It is also important to consider how municipalities are performing in terms of their mandate to provide free basic services to households identified as indigent, an essential responsibility in ensuring that poor and disadvantaged households have access to basic services which can help improve their living standards. In this regard, at least half of all local municipalities are providing help to 100% of indigent households with access to adequate water, electricity, sewerage systems and refuse removal.
Administration was our next most important category, which examined indicators such as financial compliance, accountability, financial soundness and adequate performance in human resources management. Audit outcomes were one critical measure of performance in the administration category, with only seven of the 205 local municipalities obtaining a completely clean audit across each of the three most recent financial Auditor General MFMA reports. Local municipalities tended to do better in Planning and Monitoring, with nearly a third of them fully submitting plans such as annual Integrated Development Plans, and monitoring performance and outcomes as required of them by their mandate. However, this raises a difficulty: plans are in abundance, but implementation is sorely lacking. Moreover, failure to obtain a clean audit is often met with few credible consequences, enabling poor governance to become systemically entrenched.
As part of the statistical analysis conducted to study some of the determinants of GPI scores, several variables were found to have meaningful bivariate relationships with GPI performance. These include factors such as the province within which a municipality is located, the population size of a municipality, the population density of a municipality, as well as voter turnout in the 2016 local government and 2019 national government elections. Whereas higher population sizes and higher population densities were linked with lower scores on the GPI, higher voter turnout patterns were linked with better performances on the GPI.
By contrast, variables such as area size, which party controls a municipality, and which district a municipality is located in did not have meaningful links with performance on the GPI. This suggests that municipal performance is less the consequence of which political party is in charge of the municipality itself, and more linked with population and provincial dynamics. However, this does not mean that agency plays no role in determining municipal performance, since ethical and competent leadership – regardless of politics - plays a role in ensuring that municipalities are properly governed in terms of Administration, Planning and Monitoring, and Service Delivery. Furthermore, higher levels of unemployment and higher poverty levels are linked to adverse performance on the GPI. This is unsurprising and re-emphasizes the need for good municipal governance given the importance of good planning, free basic services and good management of resources in impacting the daily lives of people living in these communities.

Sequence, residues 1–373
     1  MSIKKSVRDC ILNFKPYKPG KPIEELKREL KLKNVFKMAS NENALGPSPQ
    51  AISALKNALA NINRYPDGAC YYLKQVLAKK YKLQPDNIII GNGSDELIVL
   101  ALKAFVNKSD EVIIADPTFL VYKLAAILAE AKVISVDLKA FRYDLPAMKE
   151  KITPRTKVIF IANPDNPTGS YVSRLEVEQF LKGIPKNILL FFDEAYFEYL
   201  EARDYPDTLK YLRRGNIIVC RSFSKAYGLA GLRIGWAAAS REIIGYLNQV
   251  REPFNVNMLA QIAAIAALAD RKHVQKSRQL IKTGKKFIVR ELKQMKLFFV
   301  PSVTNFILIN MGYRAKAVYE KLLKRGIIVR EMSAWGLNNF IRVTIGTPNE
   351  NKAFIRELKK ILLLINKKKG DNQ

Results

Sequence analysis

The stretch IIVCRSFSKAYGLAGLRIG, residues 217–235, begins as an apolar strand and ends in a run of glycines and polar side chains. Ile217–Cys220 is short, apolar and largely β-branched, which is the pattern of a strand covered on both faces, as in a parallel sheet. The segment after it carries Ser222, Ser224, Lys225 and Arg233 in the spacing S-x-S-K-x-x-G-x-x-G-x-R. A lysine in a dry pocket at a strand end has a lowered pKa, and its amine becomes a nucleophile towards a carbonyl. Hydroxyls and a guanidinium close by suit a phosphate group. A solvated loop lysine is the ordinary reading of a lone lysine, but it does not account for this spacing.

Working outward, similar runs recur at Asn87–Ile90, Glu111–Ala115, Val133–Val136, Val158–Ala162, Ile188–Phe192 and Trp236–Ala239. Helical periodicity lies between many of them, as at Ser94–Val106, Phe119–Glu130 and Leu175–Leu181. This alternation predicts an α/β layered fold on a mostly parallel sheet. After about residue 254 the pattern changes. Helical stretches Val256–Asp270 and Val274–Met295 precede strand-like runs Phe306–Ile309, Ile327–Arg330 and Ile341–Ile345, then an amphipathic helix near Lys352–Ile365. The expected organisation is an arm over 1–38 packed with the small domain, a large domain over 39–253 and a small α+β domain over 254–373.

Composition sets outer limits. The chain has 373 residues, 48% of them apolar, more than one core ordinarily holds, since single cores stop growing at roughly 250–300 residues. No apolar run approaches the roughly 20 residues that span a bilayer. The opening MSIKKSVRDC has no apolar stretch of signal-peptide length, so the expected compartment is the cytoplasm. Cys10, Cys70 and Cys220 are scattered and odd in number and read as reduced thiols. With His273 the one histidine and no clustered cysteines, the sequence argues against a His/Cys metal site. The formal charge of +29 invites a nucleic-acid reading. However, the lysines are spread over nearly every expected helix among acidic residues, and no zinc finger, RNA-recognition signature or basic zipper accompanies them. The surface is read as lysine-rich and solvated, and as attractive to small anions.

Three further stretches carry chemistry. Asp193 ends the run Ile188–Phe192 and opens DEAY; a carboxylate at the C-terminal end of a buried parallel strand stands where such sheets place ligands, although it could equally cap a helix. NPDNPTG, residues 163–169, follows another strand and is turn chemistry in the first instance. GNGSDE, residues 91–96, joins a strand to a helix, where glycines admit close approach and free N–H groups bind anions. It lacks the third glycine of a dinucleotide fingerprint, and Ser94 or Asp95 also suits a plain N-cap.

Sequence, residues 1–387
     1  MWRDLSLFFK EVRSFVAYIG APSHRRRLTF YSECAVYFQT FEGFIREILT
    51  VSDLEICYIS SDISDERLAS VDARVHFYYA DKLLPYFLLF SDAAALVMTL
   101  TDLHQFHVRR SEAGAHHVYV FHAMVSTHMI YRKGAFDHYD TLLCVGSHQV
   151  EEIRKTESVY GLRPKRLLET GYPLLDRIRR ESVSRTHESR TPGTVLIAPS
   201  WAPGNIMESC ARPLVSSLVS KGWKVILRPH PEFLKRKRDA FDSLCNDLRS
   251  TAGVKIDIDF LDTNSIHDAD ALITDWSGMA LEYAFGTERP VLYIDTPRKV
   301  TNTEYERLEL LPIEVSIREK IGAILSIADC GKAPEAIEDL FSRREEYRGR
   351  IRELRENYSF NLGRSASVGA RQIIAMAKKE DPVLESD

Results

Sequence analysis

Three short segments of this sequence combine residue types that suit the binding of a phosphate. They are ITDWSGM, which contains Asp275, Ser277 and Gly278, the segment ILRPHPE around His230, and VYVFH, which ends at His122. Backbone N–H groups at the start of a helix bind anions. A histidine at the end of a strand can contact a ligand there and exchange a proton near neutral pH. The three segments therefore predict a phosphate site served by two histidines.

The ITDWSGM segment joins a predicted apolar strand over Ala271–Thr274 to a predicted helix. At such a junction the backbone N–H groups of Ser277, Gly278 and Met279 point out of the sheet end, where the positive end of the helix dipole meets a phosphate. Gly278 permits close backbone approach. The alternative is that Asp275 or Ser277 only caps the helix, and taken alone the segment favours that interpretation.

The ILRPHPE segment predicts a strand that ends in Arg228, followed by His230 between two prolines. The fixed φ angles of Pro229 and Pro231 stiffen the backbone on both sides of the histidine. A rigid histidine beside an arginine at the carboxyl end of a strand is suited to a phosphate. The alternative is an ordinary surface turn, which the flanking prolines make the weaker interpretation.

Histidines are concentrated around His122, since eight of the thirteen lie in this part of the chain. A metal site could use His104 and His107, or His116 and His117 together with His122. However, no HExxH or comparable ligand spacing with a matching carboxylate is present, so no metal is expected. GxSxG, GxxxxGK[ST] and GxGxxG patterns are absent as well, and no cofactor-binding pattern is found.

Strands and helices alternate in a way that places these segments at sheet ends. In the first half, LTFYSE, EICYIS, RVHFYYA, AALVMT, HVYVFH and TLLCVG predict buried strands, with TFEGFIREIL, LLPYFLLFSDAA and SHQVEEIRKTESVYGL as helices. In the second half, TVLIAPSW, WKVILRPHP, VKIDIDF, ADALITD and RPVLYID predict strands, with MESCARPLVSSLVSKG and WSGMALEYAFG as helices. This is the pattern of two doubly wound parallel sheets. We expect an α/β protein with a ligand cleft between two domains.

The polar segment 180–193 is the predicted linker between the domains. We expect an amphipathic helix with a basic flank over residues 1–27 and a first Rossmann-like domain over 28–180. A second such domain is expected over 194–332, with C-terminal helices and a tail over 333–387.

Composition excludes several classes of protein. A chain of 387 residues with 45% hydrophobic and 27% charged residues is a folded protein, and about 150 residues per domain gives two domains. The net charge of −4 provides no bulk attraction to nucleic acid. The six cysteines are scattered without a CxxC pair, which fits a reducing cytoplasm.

In terms of the metropolitan municipality ranking, the ranking of the top four municipalities of the City of Cape Town, City of Tshwane, City of Johannesburg, and Nelson Mandela Bay was very close, with the City of Cape town ranking first primarily due to its performances in the Service Delivery and Planning and Monitoring categories. On the other hand, the City of eThekwini ranked lowest primarily due to the inconsistent performance it has had in the categories of Service Delivery and Administration.
Ultimately, local government is the level at which governance most directly impacts people’s lives through rigorous planning, adequate service delivery, maintaining infrastructure and proper financial management. More than anything else, what the GPI demonstrates is the need for all spheres of government, including those at the national and provincial levels, to assist municipalities in working to achieve better outcomes in these areas of responsibility. This is essential if local government is to achieve the ideal set out in the White Paper on Local Government that “strong and capacitated developmental local government has a substantial contribution to make to improving South African citizens' quality of life, and to the development of the nation”.